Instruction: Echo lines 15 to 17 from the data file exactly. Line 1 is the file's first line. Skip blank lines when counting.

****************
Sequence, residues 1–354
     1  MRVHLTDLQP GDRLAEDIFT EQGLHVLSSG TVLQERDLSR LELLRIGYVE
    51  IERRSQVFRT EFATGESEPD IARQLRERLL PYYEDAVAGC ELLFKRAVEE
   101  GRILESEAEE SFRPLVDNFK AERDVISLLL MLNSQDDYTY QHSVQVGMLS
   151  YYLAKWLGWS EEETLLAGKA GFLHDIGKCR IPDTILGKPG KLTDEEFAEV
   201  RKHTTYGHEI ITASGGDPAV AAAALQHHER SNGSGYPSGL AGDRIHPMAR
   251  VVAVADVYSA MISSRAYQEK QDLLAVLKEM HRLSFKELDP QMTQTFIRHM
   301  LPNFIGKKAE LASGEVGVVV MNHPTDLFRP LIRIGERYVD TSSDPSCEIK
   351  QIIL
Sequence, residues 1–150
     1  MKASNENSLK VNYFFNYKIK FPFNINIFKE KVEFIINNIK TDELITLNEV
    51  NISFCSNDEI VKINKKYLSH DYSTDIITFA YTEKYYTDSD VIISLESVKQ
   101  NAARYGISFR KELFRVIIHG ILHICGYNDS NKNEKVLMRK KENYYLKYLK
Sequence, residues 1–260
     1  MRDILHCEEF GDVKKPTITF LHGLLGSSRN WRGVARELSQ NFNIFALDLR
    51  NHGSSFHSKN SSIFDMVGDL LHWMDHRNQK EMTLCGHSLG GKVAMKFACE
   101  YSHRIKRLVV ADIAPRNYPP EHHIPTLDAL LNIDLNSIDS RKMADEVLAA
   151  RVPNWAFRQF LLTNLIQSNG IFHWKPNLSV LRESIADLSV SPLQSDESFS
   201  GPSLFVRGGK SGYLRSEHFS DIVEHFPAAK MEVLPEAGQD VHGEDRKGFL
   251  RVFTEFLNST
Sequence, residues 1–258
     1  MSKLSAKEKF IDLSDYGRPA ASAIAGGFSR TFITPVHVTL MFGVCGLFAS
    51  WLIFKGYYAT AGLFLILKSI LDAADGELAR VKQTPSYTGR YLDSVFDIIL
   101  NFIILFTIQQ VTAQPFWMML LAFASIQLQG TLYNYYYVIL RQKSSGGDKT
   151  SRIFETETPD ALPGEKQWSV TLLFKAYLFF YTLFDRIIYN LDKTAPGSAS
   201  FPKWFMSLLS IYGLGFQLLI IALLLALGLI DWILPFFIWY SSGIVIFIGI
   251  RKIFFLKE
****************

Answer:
     1  MRDILHCEEF GDVKKPTITF LHGLLGSSRN WRGVARELSQ NFNIFALDLR
    51  NHGSSFHSKN SSIFDMVGDL LHWMDHRNQK EMTLCGHSLG GKVAMKFACE
   101  YSHRIKRLVV ADIAPRNYPP EHHIPTLDAL LNIDLNSIDS RKMADEVLAA